It was bad enough when Henghis Hapthorn, Old Earth's foremost discriminator and die-hard empiricist, had to accept that the cosmos was shortly to rewrite its basic operating system, replacing rational cause-and-effect with detestable magic. Now he finds himself cast forward several centuries, stranded in a primitive world of contending wizards and hungry dragons, and without his magic-savvy alter ego. Worse, some entity with a will powerful enough to bend space and time is searching for him through the Nine Planes, bellowing "Bring me Apthorn!" in a voice loud enough to frighten demons.
Praise for Matthew Hughes:
"Criminally underrated" - George R.R. Martin
"Heir apparent to Jack Vance" - Booklist
"Hughes's boldness is admirable"- New York Review of Science Fiction
"Hughes effortlessly renders fantastic worlds and beings believable"- Publishers Weekly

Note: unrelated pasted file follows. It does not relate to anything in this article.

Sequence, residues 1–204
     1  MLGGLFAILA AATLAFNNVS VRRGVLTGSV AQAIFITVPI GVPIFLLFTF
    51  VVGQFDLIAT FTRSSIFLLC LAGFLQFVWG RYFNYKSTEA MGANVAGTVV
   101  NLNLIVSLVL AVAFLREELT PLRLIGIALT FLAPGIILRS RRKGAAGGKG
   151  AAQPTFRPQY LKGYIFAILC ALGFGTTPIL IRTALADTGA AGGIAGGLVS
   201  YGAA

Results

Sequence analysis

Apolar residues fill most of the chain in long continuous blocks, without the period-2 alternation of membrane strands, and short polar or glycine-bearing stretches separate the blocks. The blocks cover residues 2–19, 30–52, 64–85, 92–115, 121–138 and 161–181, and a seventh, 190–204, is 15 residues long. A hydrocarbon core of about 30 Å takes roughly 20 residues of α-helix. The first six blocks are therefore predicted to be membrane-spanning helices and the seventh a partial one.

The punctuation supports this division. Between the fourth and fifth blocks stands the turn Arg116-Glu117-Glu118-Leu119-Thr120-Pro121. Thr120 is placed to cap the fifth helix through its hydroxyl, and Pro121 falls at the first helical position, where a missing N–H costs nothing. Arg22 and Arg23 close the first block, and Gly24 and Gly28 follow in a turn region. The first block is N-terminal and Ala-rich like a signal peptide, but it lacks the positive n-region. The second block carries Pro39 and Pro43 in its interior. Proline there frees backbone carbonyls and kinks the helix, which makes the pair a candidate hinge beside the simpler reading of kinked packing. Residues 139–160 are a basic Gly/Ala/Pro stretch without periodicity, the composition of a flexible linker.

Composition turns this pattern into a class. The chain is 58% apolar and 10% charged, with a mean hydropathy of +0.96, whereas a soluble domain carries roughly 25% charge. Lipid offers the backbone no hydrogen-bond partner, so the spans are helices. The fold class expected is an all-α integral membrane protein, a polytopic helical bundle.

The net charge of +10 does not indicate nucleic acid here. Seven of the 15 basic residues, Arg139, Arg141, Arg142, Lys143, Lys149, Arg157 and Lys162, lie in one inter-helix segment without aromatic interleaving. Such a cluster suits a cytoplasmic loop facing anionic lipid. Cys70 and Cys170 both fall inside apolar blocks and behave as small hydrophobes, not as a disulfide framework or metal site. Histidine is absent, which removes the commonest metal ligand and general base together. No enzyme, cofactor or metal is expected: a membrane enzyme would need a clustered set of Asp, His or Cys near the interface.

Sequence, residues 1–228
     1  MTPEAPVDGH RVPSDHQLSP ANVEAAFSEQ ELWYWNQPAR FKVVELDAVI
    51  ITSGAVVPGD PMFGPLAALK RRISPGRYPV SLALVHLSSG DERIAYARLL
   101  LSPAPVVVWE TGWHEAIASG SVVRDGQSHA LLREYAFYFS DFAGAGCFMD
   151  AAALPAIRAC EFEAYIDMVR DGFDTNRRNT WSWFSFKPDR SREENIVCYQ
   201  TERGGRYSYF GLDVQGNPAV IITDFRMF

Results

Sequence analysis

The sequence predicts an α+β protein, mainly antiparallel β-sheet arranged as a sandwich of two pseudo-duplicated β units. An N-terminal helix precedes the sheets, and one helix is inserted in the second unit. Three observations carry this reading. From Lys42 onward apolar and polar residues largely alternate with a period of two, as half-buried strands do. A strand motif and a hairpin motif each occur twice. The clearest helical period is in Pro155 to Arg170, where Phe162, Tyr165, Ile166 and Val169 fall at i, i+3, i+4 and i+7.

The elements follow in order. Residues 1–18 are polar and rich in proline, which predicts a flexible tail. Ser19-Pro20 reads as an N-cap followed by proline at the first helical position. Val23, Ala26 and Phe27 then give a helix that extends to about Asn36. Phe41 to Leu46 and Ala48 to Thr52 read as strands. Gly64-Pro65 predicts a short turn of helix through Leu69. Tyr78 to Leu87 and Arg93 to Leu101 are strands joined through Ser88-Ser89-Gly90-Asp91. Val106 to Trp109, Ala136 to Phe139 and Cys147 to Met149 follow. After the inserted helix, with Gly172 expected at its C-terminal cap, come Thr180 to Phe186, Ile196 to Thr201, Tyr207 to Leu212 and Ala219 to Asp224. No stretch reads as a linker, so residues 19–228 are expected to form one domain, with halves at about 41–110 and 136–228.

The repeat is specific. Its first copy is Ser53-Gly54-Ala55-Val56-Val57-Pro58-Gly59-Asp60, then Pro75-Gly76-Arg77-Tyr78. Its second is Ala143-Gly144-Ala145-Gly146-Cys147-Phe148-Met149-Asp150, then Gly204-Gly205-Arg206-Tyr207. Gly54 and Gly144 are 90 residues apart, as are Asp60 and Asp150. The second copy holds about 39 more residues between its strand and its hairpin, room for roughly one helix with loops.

"A towering talent"- Robert J. Sawyer
The superior melding of fantasy, humor and detection seen in Majestrum (2006) is displayed to even better advantage in Hughes's second chronicle of Henghis Hapthorn, a "discriminator" (or consulting detective) on an alternate Earth. Aided by his "intuitive inner self," Osk Rievor, and his faithful grinnet, an AI housed in an ape-cat body, Hapthorn accepts a request from wealthy socialite Effrayne Choweri to find her legendarily devoted and romantic husband, Chup, who vanished after looking into the purchase of a small spaceship. When the sleuth finds that several others who had considered buying the vessel also disappeared, he poses as a prospective buyer, only to be captured by a super-intelligent fungus seeking to expand its experience of reality by leeching the thoughts and knowledge of others. Hapthorn's wry first-person narration recalls Bertie Wooster, and Hughes effortlessly renders fantastic worlds and beings believable. News that a third adventure is in the works will surely please fans of many genres.